COVID-19 and 1918 Flu Mortality in NYC 'In the Same Ballpark'

Marcia Frellick

August 13, 2020

Editor's note: Find the latest COVID-19 news and guidance in Medscape's Coronavirus Resource Center.

A comparison of excess deaths in New York City during the beginning of the COVID-19 outbreak with excess deaths from the peak of the 1918 H1N1 influenza outbreak finds COVID-19 mortality rates jumped higher.

Jeremy Samuel Faust, MD, an emergency physician at Brigham and Women's Hospital in Boston, Massachusetts, and colleagues, found that during the peak of the H1N1 outbreak, excess deaths (the number of deaths beyond what would normally be expected for that period) were comparable to COVID-19 excess deaths in the first 2 months of the city's outbreak.

However, because death rates have dropped by half over the last century with medical advances, the relative increase in excess deaths during the COVID-19 outbreak was substantially greater than the rate during the H1N1 "Spanish flu" pandemic.

COVID-19 Mortality Jump From Baseline Was Higher

Faust told Medscape Medical News they looked at the data through two lenses.

In one comparison of all-cause mortality rates, COVID-19 is about 70% as deadly as the 1918 flu, which killed 50 million people worldwide, 675,000 in the United States.

In other words, he said, "70% as many of the people died in April of this year as died in November of 1918."

But in terms of how far the death rates jumped from pre-pandemic times, COVID-19 is worse.

The incident rate ratio for all-cause mortality during the 1918 H1N1 pandemic compared with the 3 years before jumped to almost 3 times as high (2.80).

But the incident rate ratio for all-cause mortality during the first 2 months of the pandemic in New York City compared with corresponding periods from 2017 through 2019 was more than 4 times as high (4.15).

"From the perspective of mortality, these pandemics [are] in the same ballpark," Faust said.

Figure. Deaths in New York City During the 1918 H1N1 Influenza Pandemic and the Coronavirus Disease 2019 (COVID-19) Pandemic and During the Preceding Years of Both Pandemics

The study, which used public data from the Centers for Disease Control and Prevention, The New York City Department of Health and Mental Hygiene, and the US Census Bureau, was published online today in JAMA Network Open.

The researchers calculated the incidence rate per person-months (with 95% CIs) for October and November (61 days) from 1914 through 1918, and for March 11, 2020, through May 11, 2020 (61 days). Then they divided 61-day incident rates by two to calculate person-months (incidents per capita per month).

Table. Incident Rate Ratios for All-Cause Mortality

Pandemic Period (NYC)

Incident Rate per 100K person-months

95% CI

Peak of 1918 H1N1 influenza outbreak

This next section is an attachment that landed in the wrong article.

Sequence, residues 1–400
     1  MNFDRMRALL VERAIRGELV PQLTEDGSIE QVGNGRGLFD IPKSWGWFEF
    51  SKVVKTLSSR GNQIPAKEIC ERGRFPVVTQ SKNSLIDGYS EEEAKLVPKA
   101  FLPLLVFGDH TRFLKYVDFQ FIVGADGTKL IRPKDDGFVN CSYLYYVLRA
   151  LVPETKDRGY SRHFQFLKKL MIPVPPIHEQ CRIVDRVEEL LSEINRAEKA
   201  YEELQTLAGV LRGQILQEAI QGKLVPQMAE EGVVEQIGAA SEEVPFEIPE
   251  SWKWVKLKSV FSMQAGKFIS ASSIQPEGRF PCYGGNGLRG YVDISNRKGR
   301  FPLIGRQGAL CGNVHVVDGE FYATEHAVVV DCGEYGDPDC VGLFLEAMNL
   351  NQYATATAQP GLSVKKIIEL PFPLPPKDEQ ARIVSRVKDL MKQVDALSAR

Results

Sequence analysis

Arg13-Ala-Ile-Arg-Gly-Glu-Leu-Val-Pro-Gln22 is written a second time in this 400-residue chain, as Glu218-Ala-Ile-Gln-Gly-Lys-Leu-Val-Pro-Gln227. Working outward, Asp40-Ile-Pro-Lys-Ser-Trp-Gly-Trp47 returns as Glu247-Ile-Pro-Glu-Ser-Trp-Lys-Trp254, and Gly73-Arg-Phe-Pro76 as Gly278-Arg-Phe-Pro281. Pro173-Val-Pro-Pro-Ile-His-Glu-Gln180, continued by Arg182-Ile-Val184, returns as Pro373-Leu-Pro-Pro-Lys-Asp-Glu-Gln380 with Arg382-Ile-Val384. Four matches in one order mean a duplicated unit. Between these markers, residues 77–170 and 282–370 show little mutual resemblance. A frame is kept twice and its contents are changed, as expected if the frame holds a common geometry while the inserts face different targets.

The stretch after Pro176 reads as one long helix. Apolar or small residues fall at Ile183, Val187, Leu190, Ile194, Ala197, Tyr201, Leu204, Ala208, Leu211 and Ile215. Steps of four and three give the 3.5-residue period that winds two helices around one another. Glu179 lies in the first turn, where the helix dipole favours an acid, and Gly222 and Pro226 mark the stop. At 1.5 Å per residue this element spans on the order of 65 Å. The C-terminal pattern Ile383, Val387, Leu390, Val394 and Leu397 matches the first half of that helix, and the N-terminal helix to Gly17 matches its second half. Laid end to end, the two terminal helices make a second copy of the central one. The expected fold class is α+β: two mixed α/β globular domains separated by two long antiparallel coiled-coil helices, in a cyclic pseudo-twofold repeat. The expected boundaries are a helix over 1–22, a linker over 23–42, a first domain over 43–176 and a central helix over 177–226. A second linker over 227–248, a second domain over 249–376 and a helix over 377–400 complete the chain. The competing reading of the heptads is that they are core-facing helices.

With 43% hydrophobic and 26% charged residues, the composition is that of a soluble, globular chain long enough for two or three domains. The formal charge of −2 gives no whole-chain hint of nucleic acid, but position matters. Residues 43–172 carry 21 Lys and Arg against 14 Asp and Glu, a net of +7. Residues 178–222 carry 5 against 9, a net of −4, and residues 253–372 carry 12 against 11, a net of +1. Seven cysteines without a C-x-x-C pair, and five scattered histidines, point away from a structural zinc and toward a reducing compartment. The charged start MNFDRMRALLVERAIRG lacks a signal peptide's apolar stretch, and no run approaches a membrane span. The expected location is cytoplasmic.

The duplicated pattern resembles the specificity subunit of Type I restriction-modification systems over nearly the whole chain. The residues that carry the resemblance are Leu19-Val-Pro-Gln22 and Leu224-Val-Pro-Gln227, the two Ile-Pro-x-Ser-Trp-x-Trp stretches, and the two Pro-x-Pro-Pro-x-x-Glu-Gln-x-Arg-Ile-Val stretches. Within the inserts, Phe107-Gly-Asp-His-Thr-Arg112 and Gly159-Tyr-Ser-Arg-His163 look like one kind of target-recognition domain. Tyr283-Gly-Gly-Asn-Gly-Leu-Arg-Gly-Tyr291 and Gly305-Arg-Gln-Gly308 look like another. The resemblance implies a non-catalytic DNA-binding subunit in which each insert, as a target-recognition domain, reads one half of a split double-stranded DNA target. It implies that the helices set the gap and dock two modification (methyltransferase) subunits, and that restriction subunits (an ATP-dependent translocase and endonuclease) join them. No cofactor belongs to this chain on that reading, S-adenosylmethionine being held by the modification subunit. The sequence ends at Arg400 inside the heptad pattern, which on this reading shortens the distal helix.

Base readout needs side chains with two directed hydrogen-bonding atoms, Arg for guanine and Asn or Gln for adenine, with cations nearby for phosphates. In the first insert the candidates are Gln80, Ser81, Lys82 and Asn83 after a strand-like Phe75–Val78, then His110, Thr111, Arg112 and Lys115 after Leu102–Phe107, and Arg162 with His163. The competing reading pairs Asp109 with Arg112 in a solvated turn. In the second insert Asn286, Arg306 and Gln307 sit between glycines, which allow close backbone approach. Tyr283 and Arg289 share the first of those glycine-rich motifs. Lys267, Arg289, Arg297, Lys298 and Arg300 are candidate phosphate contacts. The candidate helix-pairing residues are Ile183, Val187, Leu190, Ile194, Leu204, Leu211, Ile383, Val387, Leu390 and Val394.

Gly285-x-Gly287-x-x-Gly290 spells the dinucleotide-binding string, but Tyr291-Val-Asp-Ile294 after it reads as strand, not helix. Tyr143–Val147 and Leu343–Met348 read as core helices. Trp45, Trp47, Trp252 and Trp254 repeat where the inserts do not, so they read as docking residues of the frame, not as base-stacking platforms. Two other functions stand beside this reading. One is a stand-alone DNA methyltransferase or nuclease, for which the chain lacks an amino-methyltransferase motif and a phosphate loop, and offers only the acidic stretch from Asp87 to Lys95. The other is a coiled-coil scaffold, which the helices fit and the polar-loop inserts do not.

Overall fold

282.71 - 291.69

First 2 months of COVID-19 outbreak


199.03 - 205.17

Faust said the comparisons show that, "In the case of New York, this pandemic can take its place along with 1918 as potentially that severe."

Without a vaccine, he said, the numbers could hit or surpass the 1918 influenza death toll.

As to whether New York City figures are representative of the United States as a whole, Faust said, "It could be that New York, in particular, was set up for the worst-case scenario. We will only know that in the end."

The authors write, "We believe that our findings may help officials and the public contextualize the unusual magnitude of the COVID-19 pandemic, leading to more prudent policies that may help to decrease transmission by decreasing the effective reproduction number of SARS-CoV-2 and prevent the exhaustion of essential supplies of life-saving resources in the coming weeks and beyond."

The authors note that a limitation is the lack of knowledge about how many deaths from SARS-CoV-2 infection have been prevented as a result of inventions that weren't widely available 100 years ago, including standard resuscitation, supplemental oxygen, mechanical ventilation, kidney replacement therapy, and extracorporeal membrane oxygenation.

A coauthor reported working under contract with the Centers for Medicare & Medicaid Services. No other relevant financial relationships were disclosed.

JAMA Netw Open. 2020;3(8):e2017527. Full text

Marcia Frellick is a freelance journalist based in Chicago. She has previously written for the Chicago Tribune, Science News and and was an editor at the Chicago Sun-Times, the Cincinnati Enquirer, and the St. Cloud (Minnesota) Times. Follow her on Twitter at @mfrellick.

Follow Medscape on Facebook, Twitter, Instagram, and YouTube.


Comments on Medscape are moderated and should be professional in tone and on topic. You must declare any conflicts of interest related to your comments and responses. Please see our Commenting Guide for further information. We reserve the right to remove posts at our sole discretion.
Post as: